Print Friendly, PDF & Email

Cryonics Practice for Freezing the Human Body

Content for Mains Enrichment (CME)

 Context: Southern Cryonics, an Australian company, has successfully frozen its first client in hopes of reviving him in the future. The process involves cryonics, where the body is preserved at -196°C, aiming for eventual restoration using advanced medical technologies.

The first client, an 80-year-old man from Sydney, underwent the procedure after his death, involving cooling, perfusion with cryoprotective solution, and storage in dry ice before reaching the final temperature of around -200°C in a specialized cooling chamber.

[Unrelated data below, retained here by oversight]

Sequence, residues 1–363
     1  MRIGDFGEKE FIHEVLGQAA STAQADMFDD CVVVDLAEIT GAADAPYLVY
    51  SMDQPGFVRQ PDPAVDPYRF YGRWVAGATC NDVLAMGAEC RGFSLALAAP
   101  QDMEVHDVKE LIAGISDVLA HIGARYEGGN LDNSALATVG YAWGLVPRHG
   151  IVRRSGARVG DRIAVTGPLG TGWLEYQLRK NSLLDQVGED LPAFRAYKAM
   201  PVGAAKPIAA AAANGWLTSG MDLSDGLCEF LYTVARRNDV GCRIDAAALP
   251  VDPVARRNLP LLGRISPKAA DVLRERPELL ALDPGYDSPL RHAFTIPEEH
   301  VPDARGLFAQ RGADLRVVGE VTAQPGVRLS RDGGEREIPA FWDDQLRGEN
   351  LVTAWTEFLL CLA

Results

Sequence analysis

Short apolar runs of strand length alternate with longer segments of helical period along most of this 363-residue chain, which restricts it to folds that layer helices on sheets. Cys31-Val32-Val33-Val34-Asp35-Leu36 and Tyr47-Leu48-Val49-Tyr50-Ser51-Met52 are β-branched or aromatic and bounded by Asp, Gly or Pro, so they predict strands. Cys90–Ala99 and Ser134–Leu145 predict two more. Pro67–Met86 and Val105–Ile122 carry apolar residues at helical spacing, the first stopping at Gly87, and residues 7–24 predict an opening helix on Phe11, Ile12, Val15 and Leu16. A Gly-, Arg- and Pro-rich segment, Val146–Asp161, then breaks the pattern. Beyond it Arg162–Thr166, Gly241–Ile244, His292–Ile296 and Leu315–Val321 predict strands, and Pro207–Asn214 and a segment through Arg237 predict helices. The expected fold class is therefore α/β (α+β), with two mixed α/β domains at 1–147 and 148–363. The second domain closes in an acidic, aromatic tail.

The experiment involving cryonics raises several ethical concerns.

  1. Firstly, there’s the issue of consent, as the decision to freeze one’s body after death may not fully reflect the wishes of the individual or their loved ones.
  2. Secondly, there’s uncertainty about the efficacy of the procedure and whether it can truly revive individuals in the future, potentially leading to false hope and exploitation of vulnerable individuals.
  3. Additionally, the high cost of cryonics raises questions about equity and access to potentially life-saving technologies.
  4. Moreover, the long-term impact on society and the environment of storing frozen bodies indefinitely is uncertain and raises broader ethical questions about the manipulation of life and death.

Source: LM